I find it helpful to consider partisan identity as a “lens” that not only impacts voting decisions but also shapes other political beliefs and attitudes.  Many models, including the pivotal Michigan voting model of the “funnel of causality” include PID as a factor with both direct and indirect effects.  Sixty years after the introduction of the model, the Change and Continuity series, published after each national election with in-depth analysis, reveals the persistent and multiple influences of PID on voting.  Not only are partisans more likely to vote for candidates running under that party label, but PID shapes evaluations of candidates, issues and events that also influence voting.  Part of the reason for this outcome is that party identification serves as a heuristic – or shortcut – in processing information.  Unfortunately, shortcuts do not allow for effective evaluation of complex situations, creating “teams” of political opponents that combat one another rather than consider options outside of their partisan defaults that might serve the greater good.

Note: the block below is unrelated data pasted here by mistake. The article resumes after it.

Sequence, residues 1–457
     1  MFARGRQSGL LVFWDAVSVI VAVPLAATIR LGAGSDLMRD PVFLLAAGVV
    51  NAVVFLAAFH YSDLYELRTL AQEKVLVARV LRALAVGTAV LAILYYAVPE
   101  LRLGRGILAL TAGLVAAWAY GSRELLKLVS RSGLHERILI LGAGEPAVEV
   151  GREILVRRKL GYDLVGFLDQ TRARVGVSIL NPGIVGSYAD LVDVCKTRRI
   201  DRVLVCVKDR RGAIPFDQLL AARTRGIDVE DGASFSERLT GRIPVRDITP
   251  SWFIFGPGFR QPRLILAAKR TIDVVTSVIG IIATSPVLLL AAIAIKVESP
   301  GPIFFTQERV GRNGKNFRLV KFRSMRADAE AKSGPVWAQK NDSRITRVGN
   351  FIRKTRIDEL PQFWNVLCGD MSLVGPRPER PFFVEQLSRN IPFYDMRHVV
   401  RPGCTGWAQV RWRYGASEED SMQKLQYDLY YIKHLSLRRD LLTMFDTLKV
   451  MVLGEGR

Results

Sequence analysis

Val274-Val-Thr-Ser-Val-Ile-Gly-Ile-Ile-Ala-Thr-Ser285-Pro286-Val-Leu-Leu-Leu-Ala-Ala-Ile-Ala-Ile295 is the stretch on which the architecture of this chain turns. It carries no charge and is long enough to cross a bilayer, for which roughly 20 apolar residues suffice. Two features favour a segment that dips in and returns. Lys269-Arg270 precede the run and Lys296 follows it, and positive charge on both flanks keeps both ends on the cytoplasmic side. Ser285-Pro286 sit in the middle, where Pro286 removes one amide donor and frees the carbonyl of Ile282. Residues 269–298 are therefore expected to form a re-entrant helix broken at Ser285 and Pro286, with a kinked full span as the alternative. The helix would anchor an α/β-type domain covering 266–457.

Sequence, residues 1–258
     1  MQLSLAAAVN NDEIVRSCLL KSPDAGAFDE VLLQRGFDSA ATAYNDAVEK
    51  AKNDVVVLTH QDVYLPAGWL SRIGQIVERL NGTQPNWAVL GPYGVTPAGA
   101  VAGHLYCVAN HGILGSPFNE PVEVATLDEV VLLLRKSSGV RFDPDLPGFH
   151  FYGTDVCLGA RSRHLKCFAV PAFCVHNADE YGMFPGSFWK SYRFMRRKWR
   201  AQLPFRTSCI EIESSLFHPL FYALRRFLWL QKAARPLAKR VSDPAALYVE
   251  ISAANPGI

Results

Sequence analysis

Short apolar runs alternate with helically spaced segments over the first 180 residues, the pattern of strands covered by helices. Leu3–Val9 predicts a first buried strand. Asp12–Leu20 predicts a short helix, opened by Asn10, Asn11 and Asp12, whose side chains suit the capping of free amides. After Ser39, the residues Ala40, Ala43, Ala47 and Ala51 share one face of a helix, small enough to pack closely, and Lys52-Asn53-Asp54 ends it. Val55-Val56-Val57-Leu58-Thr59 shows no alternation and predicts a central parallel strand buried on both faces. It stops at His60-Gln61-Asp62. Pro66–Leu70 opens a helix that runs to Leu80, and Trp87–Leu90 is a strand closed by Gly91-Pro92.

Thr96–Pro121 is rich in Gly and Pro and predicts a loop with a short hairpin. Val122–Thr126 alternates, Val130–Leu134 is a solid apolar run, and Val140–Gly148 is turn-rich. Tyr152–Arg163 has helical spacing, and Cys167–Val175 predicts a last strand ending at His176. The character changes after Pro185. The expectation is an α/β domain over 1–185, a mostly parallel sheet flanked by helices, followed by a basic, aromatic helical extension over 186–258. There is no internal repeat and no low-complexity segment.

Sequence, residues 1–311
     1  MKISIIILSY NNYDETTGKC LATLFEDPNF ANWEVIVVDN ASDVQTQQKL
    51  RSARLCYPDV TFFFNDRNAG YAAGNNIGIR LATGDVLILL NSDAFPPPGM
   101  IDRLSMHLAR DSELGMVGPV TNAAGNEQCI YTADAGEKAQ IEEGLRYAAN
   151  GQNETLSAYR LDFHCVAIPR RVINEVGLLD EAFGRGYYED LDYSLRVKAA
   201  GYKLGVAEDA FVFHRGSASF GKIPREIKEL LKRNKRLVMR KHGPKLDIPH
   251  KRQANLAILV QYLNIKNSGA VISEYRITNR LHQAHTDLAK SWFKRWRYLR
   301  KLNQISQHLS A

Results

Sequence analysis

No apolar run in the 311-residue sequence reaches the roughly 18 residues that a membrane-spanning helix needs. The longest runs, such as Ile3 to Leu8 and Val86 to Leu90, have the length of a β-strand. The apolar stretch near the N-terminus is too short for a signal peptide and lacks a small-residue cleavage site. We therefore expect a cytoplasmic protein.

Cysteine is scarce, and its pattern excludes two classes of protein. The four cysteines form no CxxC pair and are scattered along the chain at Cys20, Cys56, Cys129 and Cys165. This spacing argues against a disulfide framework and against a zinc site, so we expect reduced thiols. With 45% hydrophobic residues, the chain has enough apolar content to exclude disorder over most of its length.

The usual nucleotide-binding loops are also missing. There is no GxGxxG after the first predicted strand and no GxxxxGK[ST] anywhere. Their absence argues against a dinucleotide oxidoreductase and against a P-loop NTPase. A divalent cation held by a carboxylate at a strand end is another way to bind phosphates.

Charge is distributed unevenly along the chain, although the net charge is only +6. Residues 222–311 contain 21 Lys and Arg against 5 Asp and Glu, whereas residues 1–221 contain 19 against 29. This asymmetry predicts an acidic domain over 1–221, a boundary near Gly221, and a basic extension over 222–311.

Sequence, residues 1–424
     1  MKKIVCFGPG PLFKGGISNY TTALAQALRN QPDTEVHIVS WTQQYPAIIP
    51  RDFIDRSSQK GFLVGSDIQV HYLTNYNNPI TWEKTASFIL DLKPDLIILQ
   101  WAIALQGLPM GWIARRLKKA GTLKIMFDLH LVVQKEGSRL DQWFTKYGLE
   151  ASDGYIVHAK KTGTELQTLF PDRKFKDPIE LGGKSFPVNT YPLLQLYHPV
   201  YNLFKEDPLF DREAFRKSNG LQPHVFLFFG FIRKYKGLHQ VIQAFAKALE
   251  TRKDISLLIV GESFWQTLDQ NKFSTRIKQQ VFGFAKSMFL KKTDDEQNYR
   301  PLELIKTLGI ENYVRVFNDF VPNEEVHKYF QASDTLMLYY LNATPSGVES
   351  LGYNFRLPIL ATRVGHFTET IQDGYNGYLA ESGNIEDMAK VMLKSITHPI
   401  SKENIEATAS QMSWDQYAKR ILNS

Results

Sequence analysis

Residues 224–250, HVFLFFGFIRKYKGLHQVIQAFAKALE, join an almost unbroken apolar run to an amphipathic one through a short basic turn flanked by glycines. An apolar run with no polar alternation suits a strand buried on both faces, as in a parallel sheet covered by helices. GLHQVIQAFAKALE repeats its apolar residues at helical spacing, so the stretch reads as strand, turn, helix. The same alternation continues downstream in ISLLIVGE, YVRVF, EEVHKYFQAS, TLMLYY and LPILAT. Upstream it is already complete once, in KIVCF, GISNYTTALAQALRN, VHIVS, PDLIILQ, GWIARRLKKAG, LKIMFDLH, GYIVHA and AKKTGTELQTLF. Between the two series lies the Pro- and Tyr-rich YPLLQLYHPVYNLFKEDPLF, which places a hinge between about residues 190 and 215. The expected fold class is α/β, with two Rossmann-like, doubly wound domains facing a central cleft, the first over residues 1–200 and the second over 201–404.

The public has responded with a sort of polarization that primarily reacts to changes among elected officials and party activists.  Despite the fact that the plurality of people in the United States range from center-right to center-left, the public is perceived as more politically polarized than their issue stances would suggest due to what scholar Morris Fiorina terms the “sorting” of party elites over the last two and a half decades. This shift, aided by the growing influence of social media, has culminated in a new variant – negative partisanship.  Identified by elections expert Alan Abramowitz, this shift has resulted primarily in the decline of opinion towards the opposing party even as attitudes towards one’s own party remained stable and, in 2016, dropped.  The votes in that election were cast against opposing parties/ candidates, rather than for the candidates that aligned with voters’ own parties. Does this team rivalry mentality prevent change that can return us to an effective government that deliberates and discerns actions based on the good of the whole rather than political biases?